10. What happens to living things when they die? Are fates of living beings all the same?

 

Each worldview answers these questions differently. When the human mind adds Time to the Space/Time worldview pillar, as illustrated in the chart at bottom, it begins considering cause and effect. Such happenings naturally involve human language in producing large and small stories to describe them.

Today the scientific story of creation, the universe, earth, life, and people, of course, involves the Big Bang. A Catholic priest and mathematician, Georges Lemaître, proposed the idea in the late 1920’s, and Edwin Hubble’s observations and evidence from the Hubble Telescope later showed an expanding universe. The theory became widely accepted in the 1970’s and 1980’s.

Physicists and most of the public today believe the Big Bang occurred an estimated 14 billion years ago, with life appearing about 4 billion years ago, modern humans 200,000 years ago, and recorded history beginning in the range of 5,000 years ago. The universe’s narrative really becomes complex when human storytellers begin stressing randomness and, very recently, human freedom in the historical equation.

Here are three ways science’s current, generally-accepted story of creation are being told: The Time Lapse of the Entire Universe (10:49) portrays the Big Bang’s key events mentioned above to today in proportion to actual time over the 14 billion year period; The Beginning of Everything (5:54) tells the same factual story honestly without trying to hide any worldview biases; Origins of the Universe (5:49), after admitting there are many creation stories, then gets pretty technical in science’s story about what we “know.” Its detail might lose some of our viewers by the end. It did us.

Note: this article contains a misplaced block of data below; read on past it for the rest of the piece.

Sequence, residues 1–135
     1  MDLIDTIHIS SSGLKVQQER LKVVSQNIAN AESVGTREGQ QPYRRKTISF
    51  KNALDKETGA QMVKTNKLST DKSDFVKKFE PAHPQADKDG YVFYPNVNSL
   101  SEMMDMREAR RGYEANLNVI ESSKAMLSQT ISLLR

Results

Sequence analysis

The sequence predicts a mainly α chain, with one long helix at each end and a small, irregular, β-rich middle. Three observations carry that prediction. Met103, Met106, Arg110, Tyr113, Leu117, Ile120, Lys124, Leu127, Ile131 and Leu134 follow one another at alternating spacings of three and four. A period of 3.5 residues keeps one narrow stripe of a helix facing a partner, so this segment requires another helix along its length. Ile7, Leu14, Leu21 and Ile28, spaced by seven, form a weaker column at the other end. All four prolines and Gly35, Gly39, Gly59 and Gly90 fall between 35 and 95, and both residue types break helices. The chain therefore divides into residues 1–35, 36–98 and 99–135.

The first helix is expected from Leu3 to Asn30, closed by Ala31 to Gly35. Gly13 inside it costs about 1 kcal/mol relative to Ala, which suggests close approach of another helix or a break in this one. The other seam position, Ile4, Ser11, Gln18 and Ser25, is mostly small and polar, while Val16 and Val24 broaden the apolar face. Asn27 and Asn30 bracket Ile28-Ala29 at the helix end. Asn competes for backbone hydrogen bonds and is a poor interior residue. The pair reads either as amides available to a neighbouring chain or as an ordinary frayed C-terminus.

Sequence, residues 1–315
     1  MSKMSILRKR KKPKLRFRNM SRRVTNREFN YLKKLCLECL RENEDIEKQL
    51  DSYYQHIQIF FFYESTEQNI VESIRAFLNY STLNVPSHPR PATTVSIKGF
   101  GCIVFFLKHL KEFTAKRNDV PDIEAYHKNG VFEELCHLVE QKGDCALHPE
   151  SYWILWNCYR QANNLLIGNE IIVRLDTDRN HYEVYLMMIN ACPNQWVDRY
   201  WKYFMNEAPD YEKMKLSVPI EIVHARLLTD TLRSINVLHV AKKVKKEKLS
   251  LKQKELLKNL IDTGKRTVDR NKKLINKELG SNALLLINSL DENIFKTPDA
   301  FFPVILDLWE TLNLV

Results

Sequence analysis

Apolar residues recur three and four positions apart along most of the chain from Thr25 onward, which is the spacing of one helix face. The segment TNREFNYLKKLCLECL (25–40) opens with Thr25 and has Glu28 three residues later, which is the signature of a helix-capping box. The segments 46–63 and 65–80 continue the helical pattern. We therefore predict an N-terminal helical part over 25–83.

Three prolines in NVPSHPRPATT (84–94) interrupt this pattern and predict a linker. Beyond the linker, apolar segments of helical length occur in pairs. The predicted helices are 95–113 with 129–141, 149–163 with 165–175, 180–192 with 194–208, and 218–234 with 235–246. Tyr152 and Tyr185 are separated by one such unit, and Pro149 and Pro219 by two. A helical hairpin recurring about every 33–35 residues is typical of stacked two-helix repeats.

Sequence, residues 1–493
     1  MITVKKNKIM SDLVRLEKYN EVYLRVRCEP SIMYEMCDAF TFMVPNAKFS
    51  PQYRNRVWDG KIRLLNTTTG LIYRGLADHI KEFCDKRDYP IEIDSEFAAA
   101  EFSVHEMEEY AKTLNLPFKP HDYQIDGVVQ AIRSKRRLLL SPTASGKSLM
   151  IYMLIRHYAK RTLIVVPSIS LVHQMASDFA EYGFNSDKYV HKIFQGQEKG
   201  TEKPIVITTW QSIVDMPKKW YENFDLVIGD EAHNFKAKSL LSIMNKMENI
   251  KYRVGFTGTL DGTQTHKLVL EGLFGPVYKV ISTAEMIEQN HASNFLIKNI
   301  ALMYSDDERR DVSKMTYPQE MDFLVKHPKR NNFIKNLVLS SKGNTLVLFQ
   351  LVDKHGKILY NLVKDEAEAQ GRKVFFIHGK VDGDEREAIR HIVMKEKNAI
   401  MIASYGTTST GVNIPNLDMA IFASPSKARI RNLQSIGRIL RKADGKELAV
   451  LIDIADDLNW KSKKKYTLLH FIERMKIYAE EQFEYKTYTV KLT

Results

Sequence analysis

Of course, good scientists know that if enough time is added over the course of the story, it’s easy to argue just about anything was possible before human consciousness could audit and record the situation, assuming consciousness is part of one’s story. 

But when we look at the complexity of cells in the videos above and consider all of scientific discovery just in the last 100 years, we can easily see why so many scientists today question certain random-chaotic aspects of Darwin’s evolution story, at a minimum, which then leads to inferences of a Designer. In the highest academic arenas across the world, scientists are strenuously disagreeing on these questions. 

 


 

We believe that how world leaders answered the ten questions above became a matter of life and death to millions during the 20th century. With that in mind, and in order to show how widely people can vary within any of the three basic worldviews under examination here, let’s consider immediately below a quote from one of the most noted “matterists” (materialists) today, Terry Eagleton. Dr. Eagleton is a Marxist and a distinguished professor of English literature, University of Lancaster, living in Northern Ireland. He is author of over 50 books. The quote is from his book, Materialism (2016), pages 11 – 13. It’s quite a gem, if you enjoy readable philosophy: